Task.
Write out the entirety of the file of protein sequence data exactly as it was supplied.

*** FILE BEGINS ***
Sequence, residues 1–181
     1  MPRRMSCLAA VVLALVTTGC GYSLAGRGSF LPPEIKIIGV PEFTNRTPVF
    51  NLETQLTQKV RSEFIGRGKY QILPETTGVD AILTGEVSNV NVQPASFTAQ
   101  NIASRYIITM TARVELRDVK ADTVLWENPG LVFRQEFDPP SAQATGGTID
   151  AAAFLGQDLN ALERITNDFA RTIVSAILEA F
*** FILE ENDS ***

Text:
Sequence, residues 1–181
     1  MPRRMSCLAA VVLALVTTGC GYSLAGRGSF LPPEIKIIGV PEFTNRTPVF
    51  NLETQLTQKV RSEFIGRGKY QILPETTGVD AILTGEVSNV NVQPASFTAQ
   101  NIASRYIITM TARVELRDVK ADTVLWENPG LVFRQEFDPP SAQATGGTID
   151  AAAFLGQDLN ALERITNDFA RTIVSAILEA F